Rare Earths: How the U.S. Wants to Become Less Dependent on China

by | 22. Jun 2022 - 14:02 | Politics

The United States relies heavily on China for supplies of raw materials such as rare earths. This is set to change – through domestic production and diversified supply chains, but also through new legislation.

Critical raw materials such as rare earths and strategic metals are indispensable to most modern technologies. The rare earth metals neodymium and praseodymium, for example, are needed for electric cars, wind turbines, smartphones and laptops, but also for military technology. The U.S. is heavily dependent on China, the world market leader, for supplies of these raw materials: According to the US Geological Survey (PDF), 78 percent of all rare earth imports between 2017 and 2020 came from the People’s Republic. In light of ongoing geopolitical tensions, the U.S. is seeking to develop new sources of supply. The entire value chain, from mining to processing to recycling, is to be stabilized.

“America is blessed with an abundance of natural resources that can help us address our reliance on foreign supply chains for critical minerals”, says U.S. Senator Joe Manchin (Democrats). Along with Joni Ernst (Republican), who like him is a member of the Senate Armed Services Committee, Manchin introduced the bipartisan Homeland Acceleration of Recovering Deposits and Renewing Onshore Critical Keystones (HARD ROCK) Act. The goal is to strengthen the National Defense Stockpile (NDS), a stockpile of strategic materials held by the Department of Defense. It serves to provide defense contractors and key civilian producers with an immediate supply of needed raw materials in times of war or national emergency. Due to heavy reliance on imports for many critical minerals, the U.S. is not adequately equipped to do so, Manchin’s memo states.

The HARD ROCK Act is the latest in a series of commodity security bills and measures. In April, the Obtaining National and Secure Homeland Operations for Rare Earth (ONSHORE) Manufacturing Act was introduced to promote rare earth production in the United States. There are also plans to stop using Chinese rare earth metals in U.S. Department of Defense weapons systems starting in 2026 (we reported). In view of faltering global supply chains, President Joe Biden also reactivated the Defense Production Act, a law from the Cold War era, on several occasions. It allows companies to be obligated to accept and prioritize orders deemed necessary for national defense. In March, the Defense Production Act was used to secure minerals for e-car production, such as lithium and cobalt. Currently, Biden wants to increase domestic production of components for solar panels and other green energy technologies through this means. China also dominates the global market in the production of photovoltaic modules. Biden’s administration also recently approved funding, for mapping deposits of critical raw materials in numerous U.S. states.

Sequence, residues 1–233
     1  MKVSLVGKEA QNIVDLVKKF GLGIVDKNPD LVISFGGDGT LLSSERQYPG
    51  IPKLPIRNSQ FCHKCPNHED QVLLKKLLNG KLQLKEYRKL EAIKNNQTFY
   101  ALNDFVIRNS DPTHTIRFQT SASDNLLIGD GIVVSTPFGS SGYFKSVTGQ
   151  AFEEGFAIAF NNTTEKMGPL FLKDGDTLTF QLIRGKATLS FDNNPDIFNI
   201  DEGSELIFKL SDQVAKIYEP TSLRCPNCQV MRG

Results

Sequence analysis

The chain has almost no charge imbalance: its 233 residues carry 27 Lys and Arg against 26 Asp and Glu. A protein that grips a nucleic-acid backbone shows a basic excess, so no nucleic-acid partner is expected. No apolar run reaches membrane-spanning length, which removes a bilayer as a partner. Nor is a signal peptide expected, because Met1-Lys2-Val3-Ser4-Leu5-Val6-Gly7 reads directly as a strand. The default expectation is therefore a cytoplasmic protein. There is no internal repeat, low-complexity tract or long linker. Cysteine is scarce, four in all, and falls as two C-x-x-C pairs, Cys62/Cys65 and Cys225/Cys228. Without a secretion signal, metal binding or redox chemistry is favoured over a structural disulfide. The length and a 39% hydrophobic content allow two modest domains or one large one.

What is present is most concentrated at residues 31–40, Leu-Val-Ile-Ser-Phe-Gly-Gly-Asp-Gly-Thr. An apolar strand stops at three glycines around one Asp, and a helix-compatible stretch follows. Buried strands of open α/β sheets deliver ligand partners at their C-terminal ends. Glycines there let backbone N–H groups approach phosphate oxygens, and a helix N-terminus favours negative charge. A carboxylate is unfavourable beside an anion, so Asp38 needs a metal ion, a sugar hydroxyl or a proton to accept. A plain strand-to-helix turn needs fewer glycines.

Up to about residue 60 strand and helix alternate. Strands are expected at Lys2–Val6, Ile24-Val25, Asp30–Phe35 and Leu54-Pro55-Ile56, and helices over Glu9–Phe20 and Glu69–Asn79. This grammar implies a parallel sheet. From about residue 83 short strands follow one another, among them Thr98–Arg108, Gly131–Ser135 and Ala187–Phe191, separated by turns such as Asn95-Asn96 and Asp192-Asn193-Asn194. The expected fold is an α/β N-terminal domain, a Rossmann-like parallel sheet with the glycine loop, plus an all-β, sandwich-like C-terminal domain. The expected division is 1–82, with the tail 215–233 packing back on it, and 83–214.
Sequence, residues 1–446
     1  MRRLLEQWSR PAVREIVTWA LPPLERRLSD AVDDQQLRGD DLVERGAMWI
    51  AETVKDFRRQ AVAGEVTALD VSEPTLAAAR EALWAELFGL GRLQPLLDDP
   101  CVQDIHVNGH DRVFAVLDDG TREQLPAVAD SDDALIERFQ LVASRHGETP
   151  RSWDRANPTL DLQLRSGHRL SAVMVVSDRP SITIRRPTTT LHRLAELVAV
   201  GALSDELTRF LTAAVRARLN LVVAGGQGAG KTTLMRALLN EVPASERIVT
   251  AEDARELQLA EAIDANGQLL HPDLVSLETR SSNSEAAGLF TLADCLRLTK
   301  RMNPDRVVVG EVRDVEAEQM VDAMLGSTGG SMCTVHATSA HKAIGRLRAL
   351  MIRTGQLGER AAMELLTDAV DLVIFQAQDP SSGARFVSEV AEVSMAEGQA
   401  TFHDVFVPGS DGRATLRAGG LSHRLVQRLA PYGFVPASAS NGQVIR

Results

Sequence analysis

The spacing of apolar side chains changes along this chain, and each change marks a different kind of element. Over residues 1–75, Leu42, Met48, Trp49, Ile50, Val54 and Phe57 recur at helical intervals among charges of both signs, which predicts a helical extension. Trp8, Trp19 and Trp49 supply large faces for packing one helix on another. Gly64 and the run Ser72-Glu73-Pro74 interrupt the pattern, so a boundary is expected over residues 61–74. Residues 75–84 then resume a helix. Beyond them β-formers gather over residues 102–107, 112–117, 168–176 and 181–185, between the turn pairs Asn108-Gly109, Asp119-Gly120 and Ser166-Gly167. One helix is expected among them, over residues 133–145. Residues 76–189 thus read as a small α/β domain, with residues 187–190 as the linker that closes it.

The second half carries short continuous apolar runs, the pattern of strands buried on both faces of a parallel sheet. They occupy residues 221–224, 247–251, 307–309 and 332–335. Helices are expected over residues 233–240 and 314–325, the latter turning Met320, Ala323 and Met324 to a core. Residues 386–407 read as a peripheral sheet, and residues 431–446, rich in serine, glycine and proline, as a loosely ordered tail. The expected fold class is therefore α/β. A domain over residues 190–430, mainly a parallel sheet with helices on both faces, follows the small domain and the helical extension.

Rare earths: Soon to be Made in USA

The US mining company MP Materials is playing an important role in the development of an independent value chain for rare earths. It not only operates Mountain Pass, currently the only rare earth mine in the United States, but is also building a factory where the raw materials will be processed into rare earth metals, alloys and permanent magnets for electric motors. A supply agreement is already in place with U.S. auto manufacturer General Motors. MP Materials is supported by the Department of Defense, as is the Australian mining company Lynas, which is planning two plants in Texas for the separation of heavy and light rare earths respectively. To date, there are no processing plants for the critical raw materials in the USA, so most of the processing is done in Asia.

Mountain Pass Mine

Mountain Pass California. Photo: Imago/xBarryxSweetx

In addition to primary production, some raw material recycling projects also benefit from government subsidies. According to the US Department of Energy, the legacy of the coal industry is particularly suitable for the recovery of rare earths (we reported). The construction of a corresponding plant is to be funded with 140 million US dollars. Potential locations include the Appalachian region, North Dakota and Wyoming – regions with many abandoned mines where “secondary mining” could bring a certain upswing again. Wyoming already has a similar facility: recently, the Wyoming Innovation Center opened on a former mine site in Gillette, as Mining.com reports. There, processes are to be developed to extract rare earths from coal and its residues, but also to manufacture products such as asphalt or graphene.

The importance of a more independent supply of critical raw materials was also recently emphasized by U.S. Treasury Secretary Janet Yellen, Bloomberg writes. However, she said she was not in favor of U.S. production alone, but advocated greater cooperation with partners such as Canada: “countries that espouse a common set of values about international trade and conduct in the global economy should trade and get the benefits of trade […]”.

Read more: While the issue of raw materials supply has reached the highest level in the U.S., other countries still have some catching up to do. Germany’s raw materials policy, for example, is criticized in a recent working paper by the Federal Academy for Security Policy as no longer up to date.

Featured image: iStock/GDArts

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